Revolutionary heroes and more
If Philadelphia were where the American Independancy was decided and stated, Boston was the hotbed, where it was forged. Many of the planners of the revolution came from Boston, and even if Benjamin Franklin had moved to Philadelphia, he too was originally a Bostonian.
Like in Philadelphia our hotel was within walking distance of most of the things that we wanted to see. A little bit further away from the center of town than in Philadelphia, but still an easy walk. We left the hotel around nine and walked to the information center in Boston Commons, the oldest public park in the United States. This was a 15 minutes walk, and along the way we admired some dressed up people in the park. I don't know why they were dressed up, as all they did were standing and talking to each other. When we returnes some hours later, there were a lot more of them, but they still just talked.
We visited the information center (to use a restroom and get some brochures) and then we continued to our first real goal, Park Street Church. Or rather the cemetery next to it. Where Park Street Church is today (build in 1809) used to be a granary, and the cemetery, which is much older than the church (actually the thirds oldest cemetery in Boston) is called Granary Burying Grounds. This is a rather modest cemetery (when it comes to size), only around 325 feet long and 260 feet wide. Even so it contains the graves of quite a number of celebrities from the revolutionary war and before. Like merchant and slave trader Peter Faneuil, the "sponsor" of Faneuil Hall. At the entrance to the cemetery we borrowed a map from a guy outside. He expected it back, preferably accompanied by a small tip. The first grave, that we took a closer look at, belonged to famous lawyer and orator James Otis, who though calling himself a loyalist, was one of most enthusiastic speakers against taxation and other British mistreatment of the colonies. Unfortnuately Otis went more or less mad in his older days, probably suffering from schizophrenia and paranoia. Otis once told his sister, that when God took him away, he hoped it would be like being stroked by lightning, and God granted his wish as he was literally killed by being hit by lightning, while standing in a doorway.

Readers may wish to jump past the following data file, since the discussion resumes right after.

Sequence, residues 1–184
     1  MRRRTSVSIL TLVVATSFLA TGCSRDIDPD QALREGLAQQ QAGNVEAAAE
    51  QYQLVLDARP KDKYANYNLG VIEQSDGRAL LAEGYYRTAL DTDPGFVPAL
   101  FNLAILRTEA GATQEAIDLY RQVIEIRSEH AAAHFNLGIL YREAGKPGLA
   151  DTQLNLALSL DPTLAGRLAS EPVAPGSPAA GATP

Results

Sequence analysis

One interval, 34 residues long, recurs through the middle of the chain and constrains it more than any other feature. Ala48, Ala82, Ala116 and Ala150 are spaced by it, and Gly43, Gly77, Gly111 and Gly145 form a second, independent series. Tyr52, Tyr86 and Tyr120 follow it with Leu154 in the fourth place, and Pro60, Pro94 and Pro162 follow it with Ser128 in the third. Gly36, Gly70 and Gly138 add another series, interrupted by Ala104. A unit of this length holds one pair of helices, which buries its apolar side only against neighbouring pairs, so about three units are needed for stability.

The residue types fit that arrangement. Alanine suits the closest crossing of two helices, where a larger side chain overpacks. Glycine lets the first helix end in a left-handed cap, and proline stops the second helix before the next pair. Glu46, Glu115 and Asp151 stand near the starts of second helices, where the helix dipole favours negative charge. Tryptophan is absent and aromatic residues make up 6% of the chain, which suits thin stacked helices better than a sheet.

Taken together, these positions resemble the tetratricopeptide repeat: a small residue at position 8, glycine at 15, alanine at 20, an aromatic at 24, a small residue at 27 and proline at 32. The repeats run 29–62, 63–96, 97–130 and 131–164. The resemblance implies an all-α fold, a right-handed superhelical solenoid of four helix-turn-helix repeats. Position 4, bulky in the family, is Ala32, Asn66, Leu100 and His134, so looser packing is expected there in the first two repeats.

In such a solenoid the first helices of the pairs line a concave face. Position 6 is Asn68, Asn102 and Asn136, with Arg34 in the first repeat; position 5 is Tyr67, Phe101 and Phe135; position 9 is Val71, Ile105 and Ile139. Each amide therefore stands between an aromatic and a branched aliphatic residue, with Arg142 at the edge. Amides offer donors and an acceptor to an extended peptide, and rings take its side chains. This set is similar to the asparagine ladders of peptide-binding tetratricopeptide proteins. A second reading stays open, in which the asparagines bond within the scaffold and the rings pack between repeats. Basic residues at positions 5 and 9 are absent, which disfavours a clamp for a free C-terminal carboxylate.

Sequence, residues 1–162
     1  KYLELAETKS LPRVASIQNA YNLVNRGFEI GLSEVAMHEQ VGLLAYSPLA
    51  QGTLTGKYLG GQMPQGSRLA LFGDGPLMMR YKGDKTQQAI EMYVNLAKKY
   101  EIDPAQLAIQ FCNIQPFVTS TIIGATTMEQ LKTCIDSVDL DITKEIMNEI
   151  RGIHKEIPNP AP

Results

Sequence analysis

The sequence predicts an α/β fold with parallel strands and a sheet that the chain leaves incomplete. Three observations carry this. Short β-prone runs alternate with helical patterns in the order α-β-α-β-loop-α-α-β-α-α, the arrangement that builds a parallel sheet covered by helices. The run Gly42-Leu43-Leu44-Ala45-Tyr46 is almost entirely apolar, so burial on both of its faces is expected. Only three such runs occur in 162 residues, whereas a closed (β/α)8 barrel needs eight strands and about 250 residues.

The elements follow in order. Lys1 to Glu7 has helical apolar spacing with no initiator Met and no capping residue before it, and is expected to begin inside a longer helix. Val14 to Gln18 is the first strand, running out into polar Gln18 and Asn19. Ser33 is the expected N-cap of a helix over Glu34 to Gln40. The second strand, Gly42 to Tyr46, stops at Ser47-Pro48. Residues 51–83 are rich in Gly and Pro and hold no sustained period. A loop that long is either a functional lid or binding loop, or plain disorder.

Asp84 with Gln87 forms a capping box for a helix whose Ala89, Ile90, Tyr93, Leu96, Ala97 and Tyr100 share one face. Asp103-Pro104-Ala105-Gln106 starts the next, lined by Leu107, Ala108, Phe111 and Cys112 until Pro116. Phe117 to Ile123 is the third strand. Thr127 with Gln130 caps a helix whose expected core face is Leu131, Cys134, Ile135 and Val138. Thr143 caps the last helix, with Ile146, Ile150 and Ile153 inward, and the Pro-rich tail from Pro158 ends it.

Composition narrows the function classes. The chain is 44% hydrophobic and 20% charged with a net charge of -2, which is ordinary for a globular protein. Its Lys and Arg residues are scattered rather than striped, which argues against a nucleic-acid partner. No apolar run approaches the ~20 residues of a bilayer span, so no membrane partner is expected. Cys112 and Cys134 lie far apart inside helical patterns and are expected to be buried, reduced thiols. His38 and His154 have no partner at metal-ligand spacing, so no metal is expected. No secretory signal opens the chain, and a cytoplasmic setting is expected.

Besides Otis we visited the graves of John Hancock, Samuel Adams, and Paul Revere of midnight ride fame. Also the graves of Boston's "Mother Goose, Boston's first mayor, Benjamin's Franklin's family and the victims of the Boston Massacre. When we left the cemetery we returned the map with a little tip. At that time the guy at the entrance noticed my cap, which I had bought in Los Angeles earlier on in the trip. It sported a bear on the front, and apparently it amazed the guy so much, that he asked if could take a picture of the hat - which of course he was welcome to do. He wanted to show it to his wife. I was thinking about asking for a tip, but left it at that :-). Our next stop was only one block away, namely another cemetery, King's Chapel Burying Grounds, the oldest cemetery in Boston from 1630. This is even smaller then Granary Burying Ground, and hasn't got as many celebrities as the former, but some are buried here, like the original owner of the land, used for the burial ground as well as Dr. Comfort Starr, one of the founders of Harvard University, John Wintrhop, first governor of Massachusetts, William Emerson (father of poet Ralph Waldo Emerson), Mary Chilton, first European woman to set foot in New England, and not to forget, Williams Dawes. Dawes was one of a number of men, who warned the minutemen about the approach of British troops before the Battle of Lexington and Concord but for some reason he hasn't got as much fame as Paul Revere. Maybe because Henry Longfellow didn't write a poem about him, like he did with Revere.